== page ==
In 2009, the Port Chicago Naval Magazine National Memorial was erected in Concord, California. It is the 392nd unit of the National Park Service, meaning it is run by them. The memorial offers many things for visitors to gain from it. It is about loss of life, discrimination, segregation, and basically the beginnings of civil rights in America. It's also a site meant for visitors to learn about past mistakes in history to help us grow from them.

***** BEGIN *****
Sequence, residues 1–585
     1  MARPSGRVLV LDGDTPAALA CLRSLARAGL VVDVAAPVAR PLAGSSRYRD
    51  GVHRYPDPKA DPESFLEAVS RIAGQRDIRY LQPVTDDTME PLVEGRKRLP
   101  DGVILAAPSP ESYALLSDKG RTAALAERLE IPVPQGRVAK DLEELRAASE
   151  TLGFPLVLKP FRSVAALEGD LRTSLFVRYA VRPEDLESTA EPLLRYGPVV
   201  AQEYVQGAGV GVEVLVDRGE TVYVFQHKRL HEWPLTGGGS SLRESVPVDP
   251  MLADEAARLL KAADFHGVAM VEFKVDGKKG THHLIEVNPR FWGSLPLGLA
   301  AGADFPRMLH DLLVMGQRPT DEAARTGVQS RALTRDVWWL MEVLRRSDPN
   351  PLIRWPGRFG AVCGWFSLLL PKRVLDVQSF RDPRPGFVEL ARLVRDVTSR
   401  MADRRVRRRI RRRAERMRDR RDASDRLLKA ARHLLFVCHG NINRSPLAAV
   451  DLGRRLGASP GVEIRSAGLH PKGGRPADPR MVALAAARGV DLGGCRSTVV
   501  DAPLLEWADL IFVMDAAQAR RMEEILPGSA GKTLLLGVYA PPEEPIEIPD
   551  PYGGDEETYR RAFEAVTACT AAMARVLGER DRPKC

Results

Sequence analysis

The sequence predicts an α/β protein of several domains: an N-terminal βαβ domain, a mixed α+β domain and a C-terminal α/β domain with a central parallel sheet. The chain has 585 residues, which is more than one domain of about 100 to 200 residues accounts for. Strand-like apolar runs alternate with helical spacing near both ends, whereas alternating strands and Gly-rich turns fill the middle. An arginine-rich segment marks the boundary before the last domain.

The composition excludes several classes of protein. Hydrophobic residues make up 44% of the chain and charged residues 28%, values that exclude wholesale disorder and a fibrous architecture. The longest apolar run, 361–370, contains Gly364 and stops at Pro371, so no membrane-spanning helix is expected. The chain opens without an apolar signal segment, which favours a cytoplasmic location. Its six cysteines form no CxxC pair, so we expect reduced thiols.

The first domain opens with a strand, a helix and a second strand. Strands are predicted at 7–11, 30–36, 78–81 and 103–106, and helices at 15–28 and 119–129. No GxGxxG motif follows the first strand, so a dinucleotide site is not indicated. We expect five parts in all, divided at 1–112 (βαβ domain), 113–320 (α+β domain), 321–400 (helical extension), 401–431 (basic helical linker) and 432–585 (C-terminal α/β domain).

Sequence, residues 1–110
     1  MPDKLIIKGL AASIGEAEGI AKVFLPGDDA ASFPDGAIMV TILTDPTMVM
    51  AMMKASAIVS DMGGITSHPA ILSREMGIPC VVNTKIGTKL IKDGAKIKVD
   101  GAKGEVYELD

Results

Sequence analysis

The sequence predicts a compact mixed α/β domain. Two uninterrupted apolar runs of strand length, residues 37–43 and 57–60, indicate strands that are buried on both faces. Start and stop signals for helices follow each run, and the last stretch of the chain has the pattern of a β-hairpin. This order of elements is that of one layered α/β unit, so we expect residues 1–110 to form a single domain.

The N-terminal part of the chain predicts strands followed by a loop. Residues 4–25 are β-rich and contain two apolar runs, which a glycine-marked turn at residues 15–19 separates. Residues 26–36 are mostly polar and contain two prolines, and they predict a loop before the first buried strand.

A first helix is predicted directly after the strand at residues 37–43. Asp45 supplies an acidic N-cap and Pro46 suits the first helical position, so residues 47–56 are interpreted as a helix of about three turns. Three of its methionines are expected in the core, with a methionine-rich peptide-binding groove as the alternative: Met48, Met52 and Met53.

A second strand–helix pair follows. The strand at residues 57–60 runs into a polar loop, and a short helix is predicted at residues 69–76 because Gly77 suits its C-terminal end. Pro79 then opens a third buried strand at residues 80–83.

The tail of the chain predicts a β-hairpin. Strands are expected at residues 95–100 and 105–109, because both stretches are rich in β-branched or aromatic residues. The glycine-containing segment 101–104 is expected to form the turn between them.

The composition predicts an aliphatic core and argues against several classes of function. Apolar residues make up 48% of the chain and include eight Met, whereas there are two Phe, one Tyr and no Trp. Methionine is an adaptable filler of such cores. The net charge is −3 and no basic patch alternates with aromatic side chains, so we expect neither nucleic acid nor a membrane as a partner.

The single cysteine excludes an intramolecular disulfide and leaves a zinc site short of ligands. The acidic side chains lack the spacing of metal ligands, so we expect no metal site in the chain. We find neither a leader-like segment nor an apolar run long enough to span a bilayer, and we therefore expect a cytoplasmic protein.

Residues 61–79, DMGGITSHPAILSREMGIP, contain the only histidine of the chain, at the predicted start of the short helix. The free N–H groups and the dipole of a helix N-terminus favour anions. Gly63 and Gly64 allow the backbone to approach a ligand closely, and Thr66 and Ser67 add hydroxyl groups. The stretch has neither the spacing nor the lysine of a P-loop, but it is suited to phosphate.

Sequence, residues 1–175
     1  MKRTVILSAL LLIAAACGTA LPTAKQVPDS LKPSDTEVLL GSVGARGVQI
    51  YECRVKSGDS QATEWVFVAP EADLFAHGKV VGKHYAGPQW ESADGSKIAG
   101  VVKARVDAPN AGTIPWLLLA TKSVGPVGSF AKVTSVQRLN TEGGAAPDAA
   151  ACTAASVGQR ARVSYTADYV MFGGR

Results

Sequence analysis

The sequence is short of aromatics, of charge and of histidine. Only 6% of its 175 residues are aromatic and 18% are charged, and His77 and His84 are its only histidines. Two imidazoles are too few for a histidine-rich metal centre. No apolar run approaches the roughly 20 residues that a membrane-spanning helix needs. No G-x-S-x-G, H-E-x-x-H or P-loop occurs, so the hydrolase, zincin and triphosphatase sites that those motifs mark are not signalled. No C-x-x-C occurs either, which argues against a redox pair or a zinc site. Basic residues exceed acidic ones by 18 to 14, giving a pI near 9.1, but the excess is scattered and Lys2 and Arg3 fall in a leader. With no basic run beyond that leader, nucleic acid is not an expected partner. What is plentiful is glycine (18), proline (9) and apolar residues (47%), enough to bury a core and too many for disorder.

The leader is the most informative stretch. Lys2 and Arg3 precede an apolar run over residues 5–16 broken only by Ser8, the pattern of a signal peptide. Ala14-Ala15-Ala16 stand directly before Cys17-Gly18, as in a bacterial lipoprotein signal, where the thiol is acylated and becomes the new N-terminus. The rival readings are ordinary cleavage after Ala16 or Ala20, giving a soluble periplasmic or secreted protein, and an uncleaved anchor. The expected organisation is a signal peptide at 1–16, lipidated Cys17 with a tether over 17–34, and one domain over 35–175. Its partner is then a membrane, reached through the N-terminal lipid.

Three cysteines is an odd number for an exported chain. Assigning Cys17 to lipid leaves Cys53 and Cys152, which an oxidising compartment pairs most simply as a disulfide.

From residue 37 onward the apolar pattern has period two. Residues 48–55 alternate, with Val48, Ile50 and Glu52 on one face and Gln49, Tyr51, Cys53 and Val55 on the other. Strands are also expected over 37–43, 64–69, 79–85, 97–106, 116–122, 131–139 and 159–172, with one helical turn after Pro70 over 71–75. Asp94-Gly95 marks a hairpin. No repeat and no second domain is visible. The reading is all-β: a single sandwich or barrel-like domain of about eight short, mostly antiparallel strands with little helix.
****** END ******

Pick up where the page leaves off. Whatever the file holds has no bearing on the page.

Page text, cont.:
Port Chicago suffered from a disaster in 1944, when an explosion totally destroyed the area. The memorial reflects this disaster, as well as such things as mutiny trials, court martial, and pardons. 320 men were killed during the explosion. They were loading munitions for the Pacific theatre troops. Not enough safety during this loading was the reason for the explosion. Public access to the memorial is offered Wednesday through Saturdays 10am to 1:30pm. It takes about 1.5 hours to tour. The site is free to visit, though it is important to get reservations to make certain you'll be able to get in to see the site. There is also a free shuttle for visitors.